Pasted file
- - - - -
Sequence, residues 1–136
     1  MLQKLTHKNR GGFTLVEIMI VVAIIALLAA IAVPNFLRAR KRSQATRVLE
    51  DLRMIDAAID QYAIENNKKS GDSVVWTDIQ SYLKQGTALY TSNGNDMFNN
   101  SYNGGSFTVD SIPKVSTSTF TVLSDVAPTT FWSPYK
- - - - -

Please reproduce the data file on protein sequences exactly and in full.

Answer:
Sequence, residues 1–136
     1  MLQKLTHKNR GGFTLVEIMI VVAIIALLAA IAVPNFLRAR KRSQATRVLE
    51  DLRMIDAAID QYAIENNKKS GDSVVWTDIQ SYLKQGTALY TSNGNDMFNN
   101  SYNGGSFTVD SIPKVSTSTF TVLSDVAPTT FWSPYK